Outside the house where I live in Maine is a big, tall red oak tree that has been producing acorns in such great number that as squirrels run about the branches they come down like rain — or hail, perhaps. The last person to live in this house seemed to think it important to maintain a lawn with green grass, but I like trees. I like big trees, and so I’ve decided to grow some more oaks.
I’ve already transplanted a year-old oak sapling from a dark wooded corner to an untreed location, but transplanting oaks isn’t well-advised because the roots of oaks go very far down very quickly, and the little trees suffer from transplant shock. We’ll see how my transplant effort went. In the meantime, I’ve decided to plant oaks directly from abundant acorns.
I’ve read advice on growing oaks from acorns, and some advice is consistent. Go for the green acorns, not the wholly brown ones, and if you can, take them from the tree or when they’ve fallen a bit later in the season. Put the acorns in water and use only the ones that don’t float, since floating acorns are less viable.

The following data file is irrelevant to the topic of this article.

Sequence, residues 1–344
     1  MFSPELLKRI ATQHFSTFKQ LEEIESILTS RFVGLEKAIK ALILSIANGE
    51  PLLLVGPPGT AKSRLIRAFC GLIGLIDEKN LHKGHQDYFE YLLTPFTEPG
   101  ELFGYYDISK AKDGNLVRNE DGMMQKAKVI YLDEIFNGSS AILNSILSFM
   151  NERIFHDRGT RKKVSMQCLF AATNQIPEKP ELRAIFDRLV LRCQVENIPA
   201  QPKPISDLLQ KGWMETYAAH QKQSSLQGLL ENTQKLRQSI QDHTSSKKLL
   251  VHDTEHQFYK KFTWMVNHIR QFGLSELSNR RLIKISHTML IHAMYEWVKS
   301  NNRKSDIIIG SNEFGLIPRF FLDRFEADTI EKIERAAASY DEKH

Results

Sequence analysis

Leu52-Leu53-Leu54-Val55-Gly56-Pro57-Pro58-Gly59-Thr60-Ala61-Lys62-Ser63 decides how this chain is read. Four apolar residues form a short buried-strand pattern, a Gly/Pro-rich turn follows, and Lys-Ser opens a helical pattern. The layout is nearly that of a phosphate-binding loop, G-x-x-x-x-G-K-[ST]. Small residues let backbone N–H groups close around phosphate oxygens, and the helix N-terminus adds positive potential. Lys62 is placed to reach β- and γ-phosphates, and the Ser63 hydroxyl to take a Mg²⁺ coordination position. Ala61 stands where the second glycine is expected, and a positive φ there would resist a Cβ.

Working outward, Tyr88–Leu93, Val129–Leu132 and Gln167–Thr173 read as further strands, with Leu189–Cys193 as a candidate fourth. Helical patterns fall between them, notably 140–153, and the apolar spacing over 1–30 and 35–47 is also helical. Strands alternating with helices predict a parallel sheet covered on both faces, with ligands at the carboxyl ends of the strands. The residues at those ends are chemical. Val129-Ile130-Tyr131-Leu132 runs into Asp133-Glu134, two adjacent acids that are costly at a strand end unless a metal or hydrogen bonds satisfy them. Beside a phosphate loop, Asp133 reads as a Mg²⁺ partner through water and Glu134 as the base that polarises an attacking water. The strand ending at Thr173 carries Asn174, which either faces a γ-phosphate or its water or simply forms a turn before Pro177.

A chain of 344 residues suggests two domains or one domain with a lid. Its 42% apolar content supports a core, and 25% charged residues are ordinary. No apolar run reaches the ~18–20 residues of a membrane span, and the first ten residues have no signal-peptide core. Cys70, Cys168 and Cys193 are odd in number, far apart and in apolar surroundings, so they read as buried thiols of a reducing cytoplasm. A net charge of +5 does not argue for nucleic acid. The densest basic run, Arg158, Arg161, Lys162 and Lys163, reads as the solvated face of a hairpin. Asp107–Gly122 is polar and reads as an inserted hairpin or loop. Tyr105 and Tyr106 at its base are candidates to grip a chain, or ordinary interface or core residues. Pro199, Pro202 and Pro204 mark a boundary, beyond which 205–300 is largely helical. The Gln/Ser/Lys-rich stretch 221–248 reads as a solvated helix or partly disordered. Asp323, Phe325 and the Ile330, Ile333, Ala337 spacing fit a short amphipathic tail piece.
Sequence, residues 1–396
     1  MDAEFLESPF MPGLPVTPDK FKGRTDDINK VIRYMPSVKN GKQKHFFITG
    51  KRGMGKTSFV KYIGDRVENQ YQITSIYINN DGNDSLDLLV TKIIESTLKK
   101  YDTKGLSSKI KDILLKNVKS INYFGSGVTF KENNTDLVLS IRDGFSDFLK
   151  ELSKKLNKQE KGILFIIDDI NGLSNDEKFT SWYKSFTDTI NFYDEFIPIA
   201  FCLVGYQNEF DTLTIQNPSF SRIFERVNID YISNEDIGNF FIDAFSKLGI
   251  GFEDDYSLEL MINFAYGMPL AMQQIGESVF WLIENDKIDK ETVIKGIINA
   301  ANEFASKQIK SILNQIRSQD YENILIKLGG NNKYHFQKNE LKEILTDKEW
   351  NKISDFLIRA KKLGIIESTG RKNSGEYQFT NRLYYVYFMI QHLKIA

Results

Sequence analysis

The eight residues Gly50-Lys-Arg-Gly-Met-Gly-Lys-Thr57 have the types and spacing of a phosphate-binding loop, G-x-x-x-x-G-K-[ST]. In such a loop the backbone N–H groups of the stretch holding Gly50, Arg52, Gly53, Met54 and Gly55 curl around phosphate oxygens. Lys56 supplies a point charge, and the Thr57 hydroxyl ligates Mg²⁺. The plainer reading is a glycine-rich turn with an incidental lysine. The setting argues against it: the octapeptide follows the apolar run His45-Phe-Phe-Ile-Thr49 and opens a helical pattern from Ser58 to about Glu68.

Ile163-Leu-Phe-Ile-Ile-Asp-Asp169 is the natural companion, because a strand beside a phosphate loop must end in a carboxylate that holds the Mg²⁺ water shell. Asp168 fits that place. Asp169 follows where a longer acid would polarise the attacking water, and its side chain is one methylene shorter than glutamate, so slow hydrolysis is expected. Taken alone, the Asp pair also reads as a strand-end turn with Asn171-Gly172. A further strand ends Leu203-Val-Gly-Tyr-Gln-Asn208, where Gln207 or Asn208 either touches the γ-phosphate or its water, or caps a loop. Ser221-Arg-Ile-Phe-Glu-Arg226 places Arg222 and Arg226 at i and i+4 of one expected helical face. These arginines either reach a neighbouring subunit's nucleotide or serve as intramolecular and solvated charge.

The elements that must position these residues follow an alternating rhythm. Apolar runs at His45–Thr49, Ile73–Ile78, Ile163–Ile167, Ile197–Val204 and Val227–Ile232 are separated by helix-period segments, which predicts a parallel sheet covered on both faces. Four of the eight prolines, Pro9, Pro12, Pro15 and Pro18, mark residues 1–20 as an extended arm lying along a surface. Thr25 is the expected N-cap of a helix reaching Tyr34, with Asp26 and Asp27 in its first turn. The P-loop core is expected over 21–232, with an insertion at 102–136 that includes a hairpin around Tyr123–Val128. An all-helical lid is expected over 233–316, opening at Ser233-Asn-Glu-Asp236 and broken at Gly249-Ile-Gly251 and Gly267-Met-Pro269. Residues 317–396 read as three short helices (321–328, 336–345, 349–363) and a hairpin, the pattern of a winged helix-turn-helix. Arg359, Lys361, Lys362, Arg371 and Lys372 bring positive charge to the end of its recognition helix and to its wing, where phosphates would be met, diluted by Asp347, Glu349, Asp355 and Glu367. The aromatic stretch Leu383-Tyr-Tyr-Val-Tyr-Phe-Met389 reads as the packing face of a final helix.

Suggestions for what to do next differ. Most sources I’ve read suggest putting acorns in a refrigerator with moist paper towels or sawdust until they begin to sprout, then planting them. I’ve also read that it’s fine to put them directly in the soil, or temporarily into a pot until they’re planted in their final destination, preferably before they turn a year old.
Because I’ve got so many acorns to work with, even after the squirrels have scampered away with their share, I’ve decided to try out both, testing the direct planting method against the fridge-then-soil method. I’ve put about thirty acorns in the fridge and whipped up four pots of good soil with two acorns planted in each one. If I only get one or two oak saplings out of the venture, then hey, I’ve got one or two oak trees to grow. If I get “too many,” then I suppose I’ll have to give some baby oaks away for others to plant. Unless no oaks grow at all, this will be a happy experiment. I’ll let you know what happens.